The Dreaded Settle and Sue: Alive and Well in New Jersey
It is no secret that parties more often settle than proceed through trial. While courts roundly applaud this as beneficial to both the system and litigants, it sometimes generates second guessing from the clients. As Larry David put it, “a good compromise is when both parties are dissatisfied.” It is therefore no surprise that many legal malpractice claims follow from settlements, despite the general principle that the settlement itself precludes such a suit. In a recent decision from the New Jersey Appellate Division, the court’s discussion of when this principle applies does little to pacify concerns of attorneys that their clients will settle and sue. Even well documented settlement agreements, and testimony reflecting a voluntary resolution, still can be undone via a malpractice complaint.
The underlying personal injury matter settled prior to jury selection for $60,000. In the malpractice complaint, the plaintiff alleged that on the eve of trial, he was informed he would have to pay over $25,000 to secure expert testimony, and that his attorney generally failed to appreciate the severity of his claims. During the judge’s colloquy concerning the settlement the plaintiff expressed concerns of paying his medical bills and wanting to avoid “any hassle later on.” Nevertheless, the plaintiff testified that he accepted the settlement.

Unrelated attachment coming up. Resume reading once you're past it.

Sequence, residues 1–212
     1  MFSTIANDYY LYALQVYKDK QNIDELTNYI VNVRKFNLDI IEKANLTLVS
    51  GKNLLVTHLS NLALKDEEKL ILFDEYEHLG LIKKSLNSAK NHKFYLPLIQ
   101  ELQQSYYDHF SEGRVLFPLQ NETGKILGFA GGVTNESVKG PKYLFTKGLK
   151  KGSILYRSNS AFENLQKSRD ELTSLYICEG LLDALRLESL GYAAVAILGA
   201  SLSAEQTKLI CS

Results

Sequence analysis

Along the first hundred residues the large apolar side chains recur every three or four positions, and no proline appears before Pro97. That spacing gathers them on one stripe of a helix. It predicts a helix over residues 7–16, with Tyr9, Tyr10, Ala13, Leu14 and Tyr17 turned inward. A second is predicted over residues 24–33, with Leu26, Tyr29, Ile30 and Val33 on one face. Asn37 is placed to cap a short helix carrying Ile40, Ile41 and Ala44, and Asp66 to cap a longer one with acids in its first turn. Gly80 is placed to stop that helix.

On appeal, the Appellate Division ruled that the malpractice matter could proceed despite this statement. The court began by reviewing Ziegelheim v. Apollo, a case in which the Supreme Court allowed a malpractice matter to go to trial despite the plaintiff having testified that she understood the agreement, thought it was fair, and entered into it voluntarily. The Supreme Court found that an expert report stating she could have received more, and the possibility her attorney’s failure to discover marital assets affected settlement, warranted the case proceeding to trial.
The court then turned to Newell v. Hudson, in which the plaintiff similarly said on the record that she voluntarily entered the settlement, that it was a “fair deal,” and that it was discussed carefully with her attorney “at great length.” Unlike in Ziegelheim, the Newell Court held that these statements were sufficient to preclude the plaintiff from bringing a subsequent malpractice action.
The court finished by comparing the facts of Puder v. Buechel to those in Guido v. Duane Morris LLP, the former of which ended in preclusion for a plaintiff who stated on the record that the settlement was both “fair” and “acceptable.” Unlike in Puder, the plaintiff’s claim in Guido was allowed to move forward because his statement that he “understood” the terms of the settlement was insufficient to preclude a malpractice claim.
The Appellate Division found the case at hand to be more like Guido in that the plaintiff did not testify that she was “satisfied” or that it was “fair and adequate.” As the court felt there were unanswered questions about when the advance expert payment was disclosed, the malpractice claim was allowed to proceed to discovery.
The court’s emphasis on a plaintiff’s subjective view of “satisfaction” and “fairness” despite being unconcerned with overall “fairness” in Ziegelheim makes it unlikely that any colloquy is an impenetrable wall for malpractice. Nevertheless, attorneys should ensure that any settlement agreement or statement on the record includes an extensive list of the above phrases in order to best protect themselves from the dissatisfied client.